The FDA on June 10, 2020 approved OPDIVO® for patients with unresectable, advanced, recurrent or metastatic Esophageal Squamous Cell Carcinoma (ESCC), after prior Fluoropyrimidine- and Platinum-based chemotherapy. OPDIVO® is a product of Bristol-Myers Squibb Co.
SUMMARY: The American Cancer Society estimates that in 2019, about 17,650 new cases of esophageal cancer will be diagnosed in the US and about 16,080 individuals will die of the disease. It is the sixth most common cause of global cancer death. Squamous Cell Carcinoma is the most common type of cancer of the esophagus among African Americans, while Adenocarcinoma is more common in caucasians. About 20% of patients survive at least 5 years following diagnosis. Patients with advanced esophageal cancer following progression on first line chemotherapy have limited treatment options and have a poor prognosis, with a 5-year relative survival rate of 8% or less.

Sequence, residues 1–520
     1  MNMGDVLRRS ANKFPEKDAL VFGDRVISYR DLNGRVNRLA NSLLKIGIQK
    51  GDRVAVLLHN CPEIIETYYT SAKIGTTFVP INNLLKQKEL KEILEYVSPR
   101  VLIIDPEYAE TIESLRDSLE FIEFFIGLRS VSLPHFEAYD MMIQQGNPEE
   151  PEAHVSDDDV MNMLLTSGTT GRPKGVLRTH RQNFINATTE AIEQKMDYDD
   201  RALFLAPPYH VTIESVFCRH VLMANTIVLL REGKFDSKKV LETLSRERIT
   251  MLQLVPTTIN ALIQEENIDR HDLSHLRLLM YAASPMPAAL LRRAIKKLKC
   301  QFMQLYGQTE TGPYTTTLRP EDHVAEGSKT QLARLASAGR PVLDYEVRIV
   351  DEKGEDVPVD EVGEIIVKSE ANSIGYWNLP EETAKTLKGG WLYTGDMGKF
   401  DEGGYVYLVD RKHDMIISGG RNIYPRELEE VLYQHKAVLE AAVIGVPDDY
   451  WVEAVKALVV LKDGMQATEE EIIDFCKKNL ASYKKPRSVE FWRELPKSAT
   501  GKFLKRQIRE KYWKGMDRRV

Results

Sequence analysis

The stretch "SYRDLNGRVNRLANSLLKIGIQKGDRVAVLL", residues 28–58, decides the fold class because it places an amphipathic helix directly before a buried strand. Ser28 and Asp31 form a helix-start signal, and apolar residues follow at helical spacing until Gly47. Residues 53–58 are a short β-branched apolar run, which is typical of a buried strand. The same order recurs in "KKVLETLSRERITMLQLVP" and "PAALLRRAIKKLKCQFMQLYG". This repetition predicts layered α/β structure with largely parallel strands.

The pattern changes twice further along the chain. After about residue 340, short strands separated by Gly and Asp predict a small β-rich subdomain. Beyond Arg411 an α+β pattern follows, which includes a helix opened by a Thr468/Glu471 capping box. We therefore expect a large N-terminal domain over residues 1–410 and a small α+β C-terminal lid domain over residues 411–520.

The FDA in July 2019 approved KEYTRUDA® (Pembrolizumab) for patients with recurrent, locally advanced or metastatic Squamous Cell Carcinoma of the Esophagus (ESCC), whose tumors express PD-L1 (Combined Positive Score-CPS of 10 or more). This approval was based on the Phase III KEYNOTE-181 global trial in which KEYTRUDA® significantly improved Overall Survival compared with chemotherapy, as second line therapy for patients with advanced esophageal cancer, with PD-L1 CPS of 10 or higher. The median Overall Survival in the Intent-To-Treat population was however was not statistically significant.